GDC 2005 – Microsoft Keynote

GDC 2005 opened with a keynote by Microsoft Vice President and Chief XNA Architect, J Allard. The highly choreographed presentation started with Allard’s reminiscing about playing pong and sharing the respect and admiration he had for Atari’s Nolan Bushnell, and ended with Samsung and Microsoft giving away 1,000 23” HDTV LCD televisions to lucky audience members. Audience members were noticeably excited when they left the keynote, especially those wearing the HDTV-winning yellow badges, myself included.

The real meat of Allard’s keynote however, was the theme of the “HD Era”, which is Microsoft’s vision for the future of entertainment. In case you wanted to know, Microsoft has dubbed our current era as the 3D Era.

Allard identified three trends that are with us now (at least among early adopters), namely high definition (HD), being connected, and self expression. These trends are the ones leading us into the HD Era.

HD refers to the big picture – 16:9 display ratios, wide screen, more detail, more visual content, while being connected ties into the growing adoption of cell phones, Internet connections, broadband, WiFi, ubiquitous e-mail access, and more. As examples of self expression Allard pointed out that current technology users strive for things to help them express themselves, with things as simple as ring tones, as personal as tattoos and body piercings, or as involved as tricking out a car with custom rims, paint jobs, and engine tweaks. Kitting out of cars is a very popular feature in racing video games as well, according to Allard.

Allard contrasted the 3D Era to the forthcoming HD Era as follows:

3D Era HD Era
Online as novelty Online as necessity
Mass entertainment Personal entertainment
Wired Wireless
Multiplayer Multiplatform
On the disc On the disc and on demand
Communities consume Communities create

Although Allard said he could not discuss Xenon (the next version of Xbox) at the keynote, he said all would be revealed at E3 in May. However, he intimated that the next Xbox would truly usher in the HD Era and offered a lot of buzz words about what Xenon would offer to users, such as “designed with software in mind”, “balance”, “power’, “headroom”, and “familiarity”. Hopefully the description offered at E3 will have less fluff and more substance.

To eliminate many of the hurdles that exist in having the average consumer adopt technology such as the Xbox (and more importantly, Xenon), Microsoft is working on standardizing interfaces to provide consistency in operation of devices and games – and more specifically, consistent across all HD games running on Microsoft products. Allard proceeded to provide some examples of the new user interface he referred to as “Xbox Guide”. He showed how the Guide could be used to communicate with other players on-line, how it stored biographical information about the user (including gaming achievements and statistics), and how it allowed for customization with features such as custom music for games – another feature Allard said that research showed as being a key selling point for a number of major games.

To enable more personalization, Xbox Guide will also allow developers to sell features and add-ons, such as car mods, via microtransaction payment, thus extending Xbox into an eCommerce platform. Music can be purchased on-line via the same mechanism.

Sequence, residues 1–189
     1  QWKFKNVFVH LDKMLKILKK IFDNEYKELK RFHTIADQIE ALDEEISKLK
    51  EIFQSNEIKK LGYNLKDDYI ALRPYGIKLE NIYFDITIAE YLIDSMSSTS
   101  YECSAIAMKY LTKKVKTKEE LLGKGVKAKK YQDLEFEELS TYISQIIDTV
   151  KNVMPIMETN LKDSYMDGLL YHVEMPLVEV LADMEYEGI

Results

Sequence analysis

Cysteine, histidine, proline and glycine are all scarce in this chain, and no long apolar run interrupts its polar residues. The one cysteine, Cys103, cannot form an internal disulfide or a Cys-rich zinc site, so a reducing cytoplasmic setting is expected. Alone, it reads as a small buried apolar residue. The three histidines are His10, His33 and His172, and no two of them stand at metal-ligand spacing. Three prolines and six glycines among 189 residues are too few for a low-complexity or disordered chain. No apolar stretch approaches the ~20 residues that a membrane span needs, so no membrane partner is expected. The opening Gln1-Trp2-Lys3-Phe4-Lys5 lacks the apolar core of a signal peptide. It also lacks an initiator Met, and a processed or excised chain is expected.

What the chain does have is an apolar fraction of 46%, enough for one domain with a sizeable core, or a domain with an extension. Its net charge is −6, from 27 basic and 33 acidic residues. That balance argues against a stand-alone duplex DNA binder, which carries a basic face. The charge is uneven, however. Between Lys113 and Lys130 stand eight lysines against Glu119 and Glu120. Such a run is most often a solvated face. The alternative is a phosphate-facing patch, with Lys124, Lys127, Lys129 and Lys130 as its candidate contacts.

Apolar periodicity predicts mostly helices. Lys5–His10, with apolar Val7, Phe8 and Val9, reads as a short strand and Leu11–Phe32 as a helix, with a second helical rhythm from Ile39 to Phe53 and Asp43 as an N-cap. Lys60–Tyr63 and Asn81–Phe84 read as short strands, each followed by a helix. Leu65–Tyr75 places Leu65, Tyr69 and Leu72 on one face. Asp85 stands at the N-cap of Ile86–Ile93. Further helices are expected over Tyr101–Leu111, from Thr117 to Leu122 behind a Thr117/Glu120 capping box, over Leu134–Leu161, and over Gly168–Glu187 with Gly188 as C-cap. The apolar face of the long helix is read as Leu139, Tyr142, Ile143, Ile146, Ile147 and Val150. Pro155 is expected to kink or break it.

Allard’s goal is to have the next generation platform be so popular that it would be possible to sell 20 million units of a given game title instead of the 2004 record of 2 million.

However, in order to make that happen, developers need to develop ever more complex and challenging titles and content for such new platforms, and with development staffs and budget already blooming beyond control, that is a potential pitfall.

Tying into this, earlier in the week Microsoft announced the XNA Studio development system – a tool which Allard said will help developers develop games for the next Xbox and for Windows systems by allowing teams to better collaborate and significantly streamline their development efforts. He added that a beta of XNA Studio would be available at Microsoft’s web site in April, and that at next year’s GDC keynote he would ensure that every attendee received a copy of the latest beta release in their bags.

Every developer we spoke to at GDC complained about the incredible complexity of managing the sort of project necessary to produce next generation games, If XNA Studio delivers all that Allard promises, it will be a real boon to developers.

In terms of the Xbox Guide, one certainly can’t argue with the fact that there is too much user interface disparity across games today, but having Microsoft impose interface “standards” doesn’t seem like an ideal solution either. But Microsoft usually sees things rather differently when it comes to “standards”. For example, during his presentation, Allard referred to Windows as an “Innovation Engine”, something a lot of developers in surrounding seats chuckled at – but he has a point of sorts. Microsoft’s brute force approach to creating de facto standards has forced developers to focus on Windows as a key development platform – kicking and screaming all the way, mind you, and with XNA, it ties in efforts to develop games for Xbox too.

But, the fact that you still cannot reliably get a popular game to run across plethora of PC configurations is a testament to the inherent instability of large, complex systems with variable components, no matter how many de facto standards are part of the equation.

Whether Allard’s and Microsoft’s vision of the HD Era comes to fruition will be determined by the market, but it’s rarely safe to bet against Microsoft when they set themselves to achieve large change. People discounted the Xbox when Microsoft first announced that effort – those people are not laughing at Microsoft now.